Tuesday, April 22, 2008

Cameras That Make Us Better

Imagine a camera that only takes good pictures. If you combine a decent digital camera and a persistent person, it’s already reality.

Compared to the fast-receding days of traditional photography, where you had to wait until your film was developed to find that Aunt Betsy had her eyes closed in the family shot, digital cameras let you immediately see the image you just snapped. Bad image? Just erase and take it again. At the end of the day, you’ve got a memory card full of good pictures.

While this does not make you a master photographer, it increases the quality of your pictures in the same way that having multiple tries on every golf shot would lower your score.

But with photography, unlike golf, some shots don’t afford multiple tries. Your baby takes her first steps, cackling with delight at her conquest—oh, you snapped the picture just before the smile and got the grimace instead. That opportunity won’t come back again.

But wait. Recently hitting the market is the Casio Exilim EX-F1, a camera that can shoot up to 60 full-resolution images in a second. (This is not HDTV, where most of the images are compressed in a way that relies on the presence of adjacent images. Each image on the Casio is its own standalone high-resolution image.)

You can spread the camera’s maximum burst of 60 images across time—for example, 15 images per second for four seconds. You can also have it shoot continuously, only keeping the most recent 60 images. So, per our example of baby’s first steps, you could capture baby in 15-images-per-second continuous mode. When you see the smile, you can save the last four seconds and later choose the perfect image of beaming baby.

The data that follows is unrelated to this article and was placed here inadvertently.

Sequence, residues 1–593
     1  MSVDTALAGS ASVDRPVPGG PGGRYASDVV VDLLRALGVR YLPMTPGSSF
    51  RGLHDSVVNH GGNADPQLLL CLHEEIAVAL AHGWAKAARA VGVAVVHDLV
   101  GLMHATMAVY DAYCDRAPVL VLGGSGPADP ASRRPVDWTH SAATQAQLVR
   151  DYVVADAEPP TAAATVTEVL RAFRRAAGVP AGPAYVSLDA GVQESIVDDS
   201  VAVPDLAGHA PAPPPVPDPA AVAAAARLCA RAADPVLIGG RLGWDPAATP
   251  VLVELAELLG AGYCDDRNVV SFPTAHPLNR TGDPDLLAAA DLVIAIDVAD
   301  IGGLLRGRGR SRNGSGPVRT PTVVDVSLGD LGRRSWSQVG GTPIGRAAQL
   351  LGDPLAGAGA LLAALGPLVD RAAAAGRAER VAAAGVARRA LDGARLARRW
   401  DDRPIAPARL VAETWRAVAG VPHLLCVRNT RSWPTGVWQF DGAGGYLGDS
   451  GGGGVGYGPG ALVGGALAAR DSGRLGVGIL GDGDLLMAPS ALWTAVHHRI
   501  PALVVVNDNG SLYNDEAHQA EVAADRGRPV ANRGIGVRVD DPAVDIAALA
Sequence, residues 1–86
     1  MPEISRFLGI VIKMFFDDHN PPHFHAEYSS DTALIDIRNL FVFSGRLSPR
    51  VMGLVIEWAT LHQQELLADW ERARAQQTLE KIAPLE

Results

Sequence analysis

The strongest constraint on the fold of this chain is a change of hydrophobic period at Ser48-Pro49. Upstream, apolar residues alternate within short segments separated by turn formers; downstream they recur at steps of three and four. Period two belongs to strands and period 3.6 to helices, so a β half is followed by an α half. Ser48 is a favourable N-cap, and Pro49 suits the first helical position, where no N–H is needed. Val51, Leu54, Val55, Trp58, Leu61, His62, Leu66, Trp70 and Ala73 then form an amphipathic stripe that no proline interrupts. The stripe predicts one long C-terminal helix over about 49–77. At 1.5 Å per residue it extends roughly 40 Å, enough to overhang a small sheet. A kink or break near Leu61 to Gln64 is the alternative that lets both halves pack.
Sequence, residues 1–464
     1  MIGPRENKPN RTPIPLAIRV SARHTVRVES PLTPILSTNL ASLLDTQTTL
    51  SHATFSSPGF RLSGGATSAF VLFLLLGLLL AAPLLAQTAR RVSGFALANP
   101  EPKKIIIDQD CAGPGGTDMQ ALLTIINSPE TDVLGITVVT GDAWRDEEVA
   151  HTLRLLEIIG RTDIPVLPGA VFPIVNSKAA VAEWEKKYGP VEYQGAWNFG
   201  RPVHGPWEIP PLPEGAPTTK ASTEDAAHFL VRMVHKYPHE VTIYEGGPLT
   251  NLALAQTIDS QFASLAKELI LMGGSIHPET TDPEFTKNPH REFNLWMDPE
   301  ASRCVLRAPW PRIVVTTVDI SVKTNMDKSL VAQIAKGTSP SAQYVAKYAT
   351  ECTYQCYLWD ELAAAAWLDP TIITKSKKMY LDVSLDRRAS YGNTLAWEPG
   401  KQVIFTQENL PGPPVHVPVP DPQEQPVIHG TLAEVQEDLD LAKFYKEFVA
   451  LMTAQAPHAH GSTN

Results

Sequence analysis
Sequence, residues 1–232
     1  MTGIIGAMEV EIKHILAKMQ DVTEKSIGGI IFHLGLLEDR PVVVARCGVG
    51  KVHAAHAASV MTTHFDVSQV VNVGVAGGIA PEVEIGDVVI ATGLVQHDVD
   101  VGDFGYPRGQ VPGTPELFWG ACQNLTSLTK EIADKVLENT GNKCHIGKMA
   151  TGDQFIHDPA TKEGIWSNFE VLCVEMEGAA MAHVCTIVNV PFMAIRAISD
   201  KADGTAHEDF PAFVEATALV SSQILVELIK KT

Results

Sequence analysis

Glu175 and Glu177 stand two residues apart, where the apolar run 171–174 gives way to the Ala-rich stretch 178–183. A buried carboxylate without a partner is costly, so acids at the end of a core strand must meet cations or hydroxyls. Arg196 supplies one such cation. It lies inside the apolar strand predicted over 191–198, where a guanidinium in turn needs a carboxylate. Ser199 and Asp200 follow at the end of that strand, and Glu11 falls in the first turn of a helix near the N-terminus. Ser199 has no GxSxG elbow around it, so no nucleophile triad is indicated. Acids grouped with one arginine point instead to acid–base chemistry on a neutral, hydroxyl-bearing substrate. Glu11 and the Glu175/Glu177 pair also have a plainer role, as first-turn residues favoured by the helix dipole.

Folks, that is cool. It’s the next step in the world of cameras that only take good pictures—or more precisely, only keep good pictures.

Alas, the Casio Exilim EX-F1 is both expensive ($1,000) and, per David Pogue’s review in the New York Times, laden with tradeoffs. However, its special functionality will get less expensive, and the tradeoffs will be smoothed out. At some point, continuous, high-resolution shooting will be part of all digital cameras.

As a regular photographer of, as Pogue describes it, “wildlife (including children),” I look forward to that day.

Tuesday, April 15, 2008

When Stupid Isn’t: Product People Behind the Scenes

Long ago, I was a technology analyst. I tracked the technical and market development of new technologies in areas like artificial intelligence and digital video. The purpose was to forecast which technologies, companies, and products would be winners.

On a regular basis, I’d come across products where something was obviously wrong: nonsensical features, out-of-whack pricing, positioning for seemingly nonexistent audiences, and so on.

As consumers, when we see such things, we just shrug and move on. As a technology analyst, part of my job was to understand such anomalies. Were the people behind these products woefully misguided, or were they seeing something that others could not?

Over time, I met many product managers, product marketers, product evangelists, and the like. They were usually smart people who had reasons for why the seemingly wrong was right. Of course, those were judgment calls at the time; they were only right or wrong in retrospect. But most of the time, their perspectives were at least plausible, if not occasionally inspired.

This experience came to mind when I noticed Chris Anderson’s post about why the publisher Random House is not necessarily stupid. Author and prominent netizen Cory Doctorow had gone off on Random House’s Crown imprint for a limited-time free download of Scott Sigler’s Infected before its publication:

Publishers are schizophrenic and often end up acting really dumb in the service of trying to do something smart. Crown is putting Scott’s book online for free as a PDF, but they’re taking it down after only four days — presumably just in time to kill whatever momentum the downloads are generating....There’s no coherent explanation for a ticking-bomb download like this one; it’s like the hesitation marks on the wrists of a half-ass suicide.

Anderson contacted Crown and talked to Shawn Nicholls, Crown’s Online Marketing Manager, who provided a coherent explanation.

“We definitely subscribe to the believe that offering something online isn’t going to take away from sales,” says Nicholls. “The one thing I tried to do when we started this was to make a distinction between free music and free books. A MP3 can be a substitute for a CD, but we’re not at the place where a pdf is a substitute for a hard book.”